Let us keep this same fellow in our thinking as we consider another parable, the one about the rich man whose barns could no longer contain the abundance of his land's produce. What did that rich man do with the excess of his wealth? Recall, he planned to build bigger barns, not having understood the purpose of his surplus. We was called a fool because he didn't realize that he had not been given a surplus to furnish ease in his own life, it was given to him, in order that he might employ it on God's behalf.

The link between the two is not one of interpretation, but of application, for there is some crossover in application between the two parables - both are describing what we do with what we have received.

The standards our pretend fellow had to meet in his pretend public school were geared towards the middle of the bell curve, and being nothing more than a trifling to him, he never had to apply himself to make the grade. Through this he learned that he didn't have to apply himself to anything in order to meet the standard, and this great intellect becomes the seed of procrastination, and laziness. When he becomes a Christian, the word of God opens to him immediately truths that take others decades to see. He quickly is recognized as a teacher, and because he understands scripture better than most is welcomed into the ministry, as a senior pastor.

But in spite of all his gifts and abilities, he ends up being a very poor pastor.


Because he has learned when you can get by doing the minimum, it leaves you more time to do what you want to do, and being in bondage to sin by default, he falls prey to this snare. His intellect, his gifts, every good thing that he has received from the Lord is being co-opted by sin, to serve self. He preaches Sunday mornings and evenings, and gives counsel, and visits - but his heart isn't even half in it. He is sincere, and loves the Lord, he just loves himself more, and doesn't see it.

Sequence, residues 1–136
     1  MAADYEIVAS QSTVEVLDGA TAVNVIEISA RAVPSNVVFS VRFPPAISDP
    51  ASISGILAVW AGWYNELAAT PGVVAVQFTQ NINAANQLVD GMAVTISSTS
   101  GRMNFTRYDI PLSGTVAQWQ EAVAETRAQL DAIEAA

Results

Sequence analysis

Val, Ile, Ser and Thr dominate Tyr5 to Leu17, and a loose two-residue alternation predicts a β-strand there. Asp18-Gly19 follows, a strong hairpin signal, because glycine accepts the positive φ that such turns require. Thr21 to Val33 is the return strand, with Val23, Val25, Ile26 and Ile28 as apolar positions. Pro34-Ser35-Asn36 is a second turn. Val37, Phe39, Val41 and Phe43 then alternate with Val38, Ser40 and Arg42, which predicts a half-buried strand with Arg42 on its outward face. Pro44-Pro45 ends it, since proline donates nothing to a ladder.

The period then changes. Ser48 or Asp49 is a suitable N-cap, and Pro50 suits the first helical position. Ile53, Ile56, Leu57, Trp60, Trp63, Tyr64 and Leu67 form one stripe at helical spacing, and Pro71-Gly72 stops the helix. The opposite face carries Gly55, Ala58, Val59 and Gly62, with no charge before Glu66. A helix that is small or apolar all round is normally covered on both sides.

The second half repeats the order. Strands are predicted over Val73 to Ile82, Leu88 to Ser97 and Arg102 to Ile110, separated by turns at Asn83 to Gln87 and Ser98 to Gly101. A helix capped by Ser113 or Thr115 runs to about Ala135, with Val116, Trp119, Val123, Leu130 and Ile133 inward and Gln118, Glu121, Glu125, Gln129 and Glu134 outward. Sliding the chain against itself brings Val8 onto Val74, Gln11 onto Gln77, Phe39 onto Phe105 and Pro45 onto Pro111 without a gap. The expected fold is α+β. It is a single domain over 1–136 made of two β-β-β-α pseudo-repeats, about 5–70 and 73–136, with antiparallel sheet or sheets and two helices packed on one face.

You see, everything that God gives us is meant for service. Not just our money, but our time - our every resource. Has God given us five talents - let us use all five in his service, and not reserve some for ourselves. Has he given only three? Let us use all three. One? Let us use it to full advantage. Every moment, and every effort that is spent on self is a moment or effort not merely wasted, but stolen from God. We were bought, we are slaves, we cannot live our lives anymore for they are no longer ours - we have died, and are supposed to be living out new lives in Christ's service.

That isn't to say that everyone is supposed to be a missionary, or a pastor - but it is to say that everyone is to serve the body in the fullest capacity they are able to. Don't be fooled into thinking that God has opened your eyes and heart in order to give you ease and comfort in it - don't regard your Christianity as the sort of blessing God wants you to build bigger barns to contain - it's not for your ease brother, it is for His service.

Which brings us back to the opening scriptures. Note that Paul was not threatening to come and preach good sermons to these people. He wasn't threatening to give them a good tongue lashing. He was threatening to evaluate their faith and see if it was the kind that overcomes sin, and self, or the kind that just talks a good talk. Living faith, or blind arrogance.

When we encourage one another to examine our faith let us not simply examine whether we believe the correct arguments - let us instead examine our selves and see if we have a faith that is changing us, driving us to abandon the self life, and cling to Christ. Do we see progression or stagnation - power or just words?


posted by Daniel @ 9:02 AM